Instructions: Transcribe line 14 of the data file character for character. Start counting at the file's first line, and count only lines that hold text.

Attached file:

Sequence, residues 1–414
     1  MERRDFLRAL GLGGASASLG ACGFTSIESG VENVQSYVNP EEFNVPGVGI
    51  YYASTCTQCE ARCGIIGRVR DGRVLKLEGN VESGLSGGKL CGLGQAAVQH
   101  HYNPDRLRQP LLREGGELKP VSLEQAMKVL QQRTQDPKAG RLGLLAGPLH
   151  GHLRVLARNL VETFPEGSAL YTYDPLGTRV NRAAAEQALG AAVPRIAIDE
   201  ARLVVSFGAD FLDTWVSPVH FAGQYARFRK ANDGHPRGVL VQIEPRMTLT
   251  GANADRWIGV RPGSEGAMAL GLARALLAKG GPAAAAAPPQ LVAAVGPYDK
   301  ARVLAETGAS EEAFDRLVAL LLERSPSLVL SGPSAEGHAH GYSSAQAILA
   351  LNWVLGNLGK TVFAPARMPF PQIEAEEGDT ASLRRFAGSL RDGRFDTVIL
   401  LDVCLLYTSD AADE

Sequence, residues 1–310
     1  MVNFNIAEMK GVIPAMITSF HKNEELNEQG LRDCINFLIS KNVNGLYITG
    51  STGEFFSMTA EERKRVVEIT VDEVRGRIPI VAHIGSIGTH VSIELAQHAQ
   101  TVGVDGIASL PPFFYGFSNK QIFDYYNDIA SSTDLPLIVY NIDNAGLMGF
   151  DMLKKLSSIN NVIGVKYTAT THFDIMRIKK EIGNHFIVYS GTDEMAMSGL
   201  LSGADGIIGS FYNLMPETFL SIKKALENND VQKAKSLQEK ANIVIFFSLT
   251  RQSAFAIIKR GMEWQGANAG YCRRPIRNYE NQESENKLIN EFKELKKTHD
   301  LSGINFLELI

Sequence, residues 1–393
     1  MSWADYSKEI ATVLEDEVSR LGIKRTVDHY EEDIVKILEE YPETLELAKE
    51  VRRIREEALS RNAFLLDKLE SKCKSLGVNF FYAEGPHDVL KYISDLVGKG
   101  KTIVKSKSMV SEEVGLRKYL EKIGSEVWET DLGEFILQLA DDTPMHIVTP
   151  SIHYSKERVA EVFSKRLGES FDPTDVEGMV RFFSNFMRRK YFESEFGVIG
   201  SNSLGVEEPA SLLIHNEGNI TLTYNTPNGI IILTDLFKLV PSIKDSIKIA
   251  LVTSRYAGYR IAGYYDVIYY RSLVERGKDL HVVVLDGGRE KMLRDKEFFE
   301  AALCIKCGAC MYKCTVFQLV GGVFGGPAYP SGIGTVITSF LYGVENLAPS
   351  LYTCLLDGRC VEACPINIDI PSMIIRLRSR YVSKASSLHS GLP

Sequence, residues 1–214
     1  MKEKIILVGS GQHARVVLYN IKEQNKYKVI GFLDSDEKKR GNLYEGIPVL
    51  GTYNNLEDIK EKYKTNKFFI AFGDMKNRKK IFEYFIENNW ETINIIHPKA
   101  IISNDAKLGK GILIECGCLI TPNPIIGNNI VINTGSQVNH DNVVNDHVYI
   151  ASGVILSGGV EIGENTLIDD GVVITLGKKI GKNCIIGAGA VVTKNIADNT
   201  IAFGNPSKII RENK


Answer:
   101  TVGVDGIASL PPFFYGFSNK QIFDYYNDIA SSTDLPLIVY NIDNAGLMGF